The wine as seen against the background of the sun setting on the Mediterranean Sea

We opened this wine and were embraced by earthy aromas of grasses and trees. You must excuse me when I state that my taste buds spoke of slate and granite mineral flavors intertwined with a background of Granny Smith apples. The Yarden tasting notes, which I read only after recording my own reactions, also included “hints of mineral and spice.” I apologize for using a taste descriptor that does not readily relate to something that we usually place in our mouths. Indeed, it is hard to describe what the minerals slate and granite taste like, but if you can imagine placing a few pebbles in your mouth that you have plucked out of a cold swift running brook, perhaps you can experience this taste. Others have said of Chardonnay that it is “flinty,” a taste and smell that’s in the air when a piece of steel is hit against a piece of flint, and meaning that it has a hard, dry, and clean taste. The French call it “gout de pierre a fusil,” or that characteristic odor that came from the muskets of the infantry of the seventeenth century. Recently this has been the subject of a hotly contested discussion on the WineLovers.com Israel and Kosher Wine Forum. Some do not believe that minerality is a valid wine taste descriptor and others vigorously defend its use. If you are interested, it is worth reading the well balanced, and well written article in the Wall Street Journal by Lettie Teague. The author doesn’t take sides, but in the end, it is clear how she feels. I agree with her. What do you think?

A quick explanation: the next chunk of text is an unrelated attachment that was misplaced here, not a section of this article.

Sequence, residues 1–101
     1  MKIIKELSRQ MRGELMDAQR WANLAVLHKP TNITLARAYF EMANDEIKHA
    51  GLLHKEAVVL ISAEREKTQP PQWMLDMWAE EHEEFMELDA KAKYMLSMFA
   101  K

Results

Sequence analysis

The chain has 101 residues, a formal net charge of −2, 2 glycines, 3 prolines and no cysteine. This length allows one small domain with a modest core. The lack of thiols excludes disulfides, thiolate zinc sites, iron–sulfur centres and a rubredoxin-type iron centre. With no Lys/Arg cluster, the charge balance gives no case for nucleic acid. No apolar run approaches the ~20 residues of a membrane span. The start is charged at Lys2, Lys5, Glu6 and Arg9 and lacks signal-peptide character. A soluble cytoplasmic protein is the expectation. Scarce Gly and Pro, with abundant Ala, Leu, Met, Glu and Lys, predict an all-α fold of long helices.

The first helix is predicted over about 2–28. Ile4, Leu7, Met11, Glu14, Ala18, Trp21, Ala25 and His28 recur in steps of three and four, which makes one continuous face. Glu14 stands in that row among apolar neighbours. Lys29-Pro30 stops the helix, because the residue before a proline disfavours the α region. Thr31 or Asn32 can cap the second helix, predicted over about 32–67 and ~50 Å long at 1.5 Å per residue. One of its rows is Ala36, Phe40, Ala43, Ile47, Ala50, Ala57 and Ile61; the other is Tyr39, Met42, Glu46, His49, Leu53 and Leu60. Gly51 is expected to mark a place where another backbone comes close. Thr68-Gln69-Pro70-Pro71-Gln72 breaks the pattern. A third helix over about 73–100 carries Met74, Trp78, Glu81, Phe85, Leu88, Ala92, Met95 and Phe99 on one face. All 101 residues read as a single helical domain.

The bottom line here, is that this is a very good wine. I rate it an B**. Its cost in San Diego and New York, depending on whether you buy a case or a single bottle varies from $33 to $38. Unfortunately, I cannot find what I paid for it as a purchase of a six bottle future. I’ll do a bit of research and try to correct this of information which is lacking.

Yarden Chardonnay 2

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Tasting Yiron 2009 from Galil Mountain Winery

photoWe have previously tasted and written about two previous vintages of one of our favorite wines, the Bordeaux style blend flagship wine of one of our favorite wineries, Galil Mountain which is located at Kibbutz Yiron. Those previously tasted were from the 2006 vintage and the 2007 vintage. Last night we opened the subject of this article, the 2009 vintage. I am going to write about it and only then read what we wrote about the previous vintages so as not to be influenced by our previous opinions.